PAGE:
Hiroshi Kuroki*, Takuya Nagai , Etsuo Chosa and Naoya Tajima
Introduction: Before corrective surgery for idiopathic scoliosis, the stress x-rays are indispensable to collect information regarding the reducibility of deformity, deciding fusion levels, and categorizing curve types and so on. The hanging radiograph has not been conducted preoperatively so far as known. The objective of this study was to investigate retrospectively the significance of the hanging radiograph for prediction of the curve correction with surgical procedure by comparing with the side-bending and the traction radiographs.
Methods: The subjects enrolled in current study were 22 cases of idiopathic scoliosis who performed posterior instrumentation and fusion by ISOLA method between 2008 and 2014. They included 2 males and 20 females, with a mean age of 16 years and 8 months. The type of curves by Lenke classification were type 1 in 20 cases, type 2 in 1 case, and type 3 in 1 case. We investigated the correction rates of main thoracic curves in side-bending, traction, and hanging positions and compared them with that after surgery. In addition, correction indices were also calculated and compared among these stress x-rays.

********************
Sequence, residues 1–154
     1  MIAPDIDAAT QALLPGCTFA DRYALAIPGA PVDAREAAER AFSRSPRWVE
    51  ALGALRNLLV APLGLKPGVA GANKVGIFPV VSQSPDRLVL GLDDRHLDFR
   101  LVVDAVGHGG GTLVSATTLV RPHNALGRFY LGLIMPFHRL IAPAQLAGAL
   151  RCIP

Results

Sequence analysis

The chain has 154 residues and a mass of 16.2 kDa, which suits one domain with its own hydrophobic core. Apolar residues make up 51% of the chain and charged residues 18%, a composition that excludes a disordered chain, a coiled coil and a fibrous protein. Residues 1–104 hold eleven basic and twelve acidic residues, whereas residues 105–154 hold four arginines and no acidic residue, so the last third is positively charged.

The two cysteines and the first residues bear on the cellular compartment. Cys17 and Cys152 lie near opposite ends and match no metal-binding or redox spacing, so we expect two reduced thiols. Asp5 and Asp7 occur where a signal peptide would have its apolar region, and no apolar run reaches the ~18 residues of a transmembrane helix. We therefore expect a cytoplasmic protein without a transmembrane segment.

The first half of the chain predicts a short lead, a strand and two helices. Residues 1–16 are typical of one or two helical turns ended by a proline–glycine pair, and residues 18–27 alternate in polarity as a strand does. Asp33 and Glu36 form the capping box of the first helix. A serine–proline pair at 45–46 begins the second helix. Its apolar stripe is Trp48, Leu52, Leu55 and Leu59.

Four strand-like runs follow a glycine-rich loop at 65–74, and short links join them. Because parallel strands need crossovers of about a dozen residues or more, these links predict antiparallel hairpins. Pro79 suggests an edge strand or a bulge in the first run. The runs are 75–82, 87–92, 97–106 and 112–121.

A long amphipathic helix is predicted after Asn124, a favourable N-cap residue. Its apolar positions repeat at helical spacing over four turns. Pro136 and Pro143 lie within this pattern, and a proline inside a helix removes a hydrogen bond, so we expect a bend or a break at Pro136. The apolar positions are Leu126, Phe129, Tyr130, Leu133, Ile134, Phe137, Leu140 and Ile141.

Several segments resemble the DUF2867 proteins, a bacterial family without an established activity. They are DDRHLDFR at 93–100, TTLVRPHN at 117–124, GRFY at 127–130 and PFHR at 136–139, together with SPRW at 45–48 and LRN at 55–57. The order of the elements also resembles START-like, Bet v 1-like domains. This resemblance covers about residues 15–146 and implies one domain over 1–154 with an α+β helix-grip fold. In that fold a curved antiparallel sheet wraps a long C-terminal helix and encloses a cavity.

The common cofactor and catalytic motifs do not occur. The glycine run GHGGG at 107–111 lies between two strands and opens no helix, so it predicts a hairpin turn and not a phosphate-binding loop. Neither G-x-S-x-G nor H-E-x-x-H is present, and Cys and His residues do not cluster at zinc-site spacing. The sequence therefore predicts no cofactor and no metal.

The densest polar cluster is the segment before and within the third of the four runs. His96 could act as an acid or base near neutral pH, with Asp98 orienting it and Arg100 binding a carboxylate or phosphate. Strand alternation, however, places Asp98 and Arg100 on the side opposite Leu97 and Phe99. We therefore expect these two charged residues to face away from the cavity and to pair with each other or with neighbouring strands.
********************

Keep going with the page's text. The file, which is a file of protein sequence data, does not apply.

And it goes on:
Results: The correction rate after surgery was 65.9% that was statistically higher than those in side-bending (44.2%), traction (46.6%), and hanging (22.1%) positions. There were statistical correlations between the correction rates after surgery and in side-bending position (R=0.73) and those after surgery and in traction position (R=0.57). However, there was no statistical correlation between the correction rates after surgery and in hanging position (R=-0.01). With regard to the correction indices, that in hanging position (3.67) was statistically higher than those in side-bending (1.51) and traction (1.45) positions.
Conclusion: The correction rates in side-bending and traction positions seem to be useful to estimate the amount of curve correction before surgery whereas, that in hanging position did not have any significance as preoperative evaluation.PDF
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